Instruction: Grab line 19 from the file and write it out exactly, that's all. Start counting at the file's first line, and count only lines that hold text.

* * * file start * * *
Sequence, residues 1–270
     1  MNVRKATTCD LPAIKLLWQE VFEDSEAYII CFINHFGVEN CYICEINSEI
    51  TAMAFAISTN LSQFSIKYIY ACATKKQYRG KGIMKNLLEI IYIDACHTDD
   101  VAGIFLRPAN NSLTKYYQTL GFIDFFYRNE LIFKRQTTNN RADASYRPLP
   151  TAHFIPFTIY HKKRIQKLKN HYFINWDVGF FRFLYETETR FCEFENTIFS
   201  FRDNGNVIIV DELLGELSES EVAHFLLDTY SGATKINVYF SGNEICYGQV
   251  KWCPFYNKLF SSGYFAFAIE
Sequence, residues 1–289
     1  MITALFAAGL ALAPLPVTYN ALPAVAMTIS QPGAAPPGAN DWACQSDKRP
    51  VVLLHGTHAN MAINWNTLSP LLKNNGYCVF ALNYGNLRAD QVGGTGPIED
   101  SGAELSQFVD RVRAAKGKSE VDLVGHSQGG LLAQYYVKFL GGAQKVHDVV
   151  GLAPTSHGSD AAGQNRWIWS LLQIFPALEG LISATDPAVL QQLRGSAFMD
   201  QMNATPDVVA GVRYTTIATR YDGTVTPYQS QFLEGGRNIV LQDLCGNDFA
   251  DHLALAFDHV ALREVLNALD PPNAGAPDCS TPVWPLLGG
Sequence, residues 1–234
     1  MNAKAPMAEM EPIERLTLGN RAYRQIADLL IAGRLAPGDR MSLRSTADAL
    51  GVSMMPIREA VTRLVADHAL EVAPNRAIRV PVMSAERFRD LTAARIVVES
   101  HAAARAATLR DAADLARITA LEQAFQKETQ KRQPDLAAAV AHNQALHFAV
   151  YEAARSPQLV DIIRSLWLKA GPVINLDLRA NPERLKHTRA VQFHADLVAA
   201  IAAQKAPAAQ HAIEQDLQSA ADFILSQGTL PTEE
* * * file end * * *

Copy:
   151  YEAARSPQLV DIIRSLWLKA GPVINLDLRA NPERLKHTRA VQFHADLVAA